It’s always a surprising fact: New York City is home to the world’s largest cathedral (defined as a church that is also the seat of a Bishop). The Cathedral of St. John the Divine, even in its incomplete state, looms large in Morningside Heights. And in the current coronavirus crisis, the cathedral will be serving a role traditionally filled by places of worship during historical plagues and disasters: a hospital.
The hospital will be in partnership with Mount Sinai Morningside Hospital, located just down the street from the Cathedral of St. John the Divine. As reported by The New York Times, the nave of the cathedral and the crypt below will be transformed into an emergency field hospital. By the end of the week, the 600-foot long nave will contain “nine climate-controlled tents, capable of holding a total of at least 200 patients,” the newspaper states.
The crypt, which we visited in 2014 before a renovation and subsequent fire in 2019, will function as a staging area for medical staff. The lower level mirrors the layout of the floor above and was used in the past for artist studios, hosting artists like Greg Wyatt, the sculptor who created the Peace Fountain on the south west side of the Cathedral Close and Philippe Petit, the World Trade Center tightrope walker.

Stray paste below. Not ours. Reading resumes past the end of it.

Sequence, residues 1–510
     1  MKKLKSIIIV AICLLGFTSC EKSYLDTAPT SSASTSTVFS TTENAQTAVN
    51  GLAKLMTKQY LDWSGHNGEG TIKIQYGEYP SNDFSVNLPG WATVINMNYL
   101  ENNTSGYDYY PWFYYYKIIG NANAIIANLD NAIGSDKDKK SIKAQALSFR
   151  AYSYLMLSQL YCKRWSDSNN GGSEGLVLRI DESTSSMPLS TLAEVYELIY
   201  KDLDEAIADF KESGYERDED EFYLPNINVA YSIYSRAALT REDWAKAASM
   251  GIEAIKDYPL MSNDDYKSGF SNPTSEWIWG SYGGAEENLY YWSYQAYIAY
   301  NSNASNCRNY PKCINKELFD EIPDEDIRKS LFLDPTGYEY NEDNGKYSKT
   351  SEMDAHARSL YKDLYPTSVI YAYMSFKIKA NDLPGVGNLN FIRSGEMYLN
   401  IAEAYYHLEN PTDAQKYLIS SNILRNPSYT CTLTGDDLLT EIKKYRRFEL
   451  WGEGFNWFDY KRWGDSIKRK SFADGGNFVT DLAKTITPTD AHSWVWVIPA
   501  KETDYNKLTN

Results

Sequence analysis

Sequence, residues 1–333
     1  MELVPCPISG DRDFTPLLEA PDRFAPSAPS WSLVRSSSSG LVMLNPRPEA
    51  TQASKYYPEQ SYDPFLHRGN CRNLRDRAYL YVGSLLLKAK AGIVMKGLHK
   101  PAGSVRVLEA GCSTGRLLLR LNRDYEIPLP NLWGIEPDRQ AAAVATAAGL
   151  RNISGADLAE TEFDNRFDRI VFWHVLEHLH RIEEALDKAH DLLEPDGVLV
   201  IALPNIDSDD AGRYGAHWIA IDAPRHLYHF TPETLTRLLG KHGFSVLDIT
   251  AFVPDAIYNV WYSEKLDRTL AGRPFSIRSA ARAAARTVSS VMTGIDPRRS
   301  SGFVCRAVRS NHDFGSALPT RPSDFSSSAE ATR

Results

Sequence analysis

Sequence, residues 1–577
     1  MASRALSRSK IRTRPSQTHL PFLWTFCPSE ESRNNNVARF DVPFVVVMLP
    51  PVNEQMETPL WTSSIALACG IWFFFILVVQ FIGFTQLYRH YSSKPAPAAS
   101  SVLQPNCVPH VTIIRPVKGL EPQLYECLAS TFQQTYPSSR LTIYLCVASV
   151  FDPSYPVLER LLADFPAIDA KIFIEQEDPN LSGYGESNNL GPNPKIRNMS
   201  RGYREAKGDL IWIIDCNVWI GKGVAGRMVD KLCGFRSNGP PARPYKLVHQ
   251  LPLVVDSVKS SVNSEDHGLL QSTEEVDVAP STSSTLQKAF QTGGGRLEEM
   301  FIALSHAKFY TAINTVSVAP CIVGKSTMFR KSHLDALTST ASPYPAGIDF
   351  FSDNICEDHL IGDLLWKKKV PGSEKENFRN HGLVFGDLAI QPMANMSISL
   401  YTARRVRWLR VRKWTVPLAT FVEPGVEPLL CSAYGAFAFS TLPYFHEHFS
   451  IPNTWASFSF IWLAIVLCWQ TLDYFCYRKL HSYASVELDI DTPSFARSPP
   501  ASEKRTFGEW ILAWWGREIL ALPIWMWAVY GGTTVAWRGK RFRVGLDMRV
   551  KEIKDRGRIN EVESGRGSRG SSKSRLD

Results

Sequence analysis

Part of the crypt in 2014, before a renovation.
The Cathedral of St. John the Divine has never been used like this before, but interestingly, the exterior sculptures of the church does show numerous disasters taking place. On the Portal of Paradise, located on the Cathedral’s western facade, you can find sculptures that show the collapse or sinking of the Brooklyn Bridge, the Statue of Liberty and the Twin Towers. These figures were added by stone carver Simon Verity between the years 1988 to 1997 keeping with Italian Renaissance tradition of depicting biblical tragedies in a modern context.
World Trade Center on facade of St. John the Divine
The dean of the cathedral, Rt. Rev Clifton Daniel III, told the New York Times that “traditionally, in earlier centuries, cathedrals were always used this way, like during the plague. So this is not outside the experience of being a cathedral, it is just new to us.” Once the field hospital is running, the church will be responsible for building operations. Mount Sinai, along with Samaritan’s Purse, the controversial religious organization that is running the field hospital in Central Park, have been part of the efforts to turn the church into a hospital. (Samaritan’s Purse has stated in news shows and affirmed to Mayor Bill de Blasio that the hospitals will not discriminate regarding who they treat).
The church’s enormous nave, with seats emptied out during the exhibition of Xu Bing’s Phoenix, a fitting metaphor in the coronavirus crisis.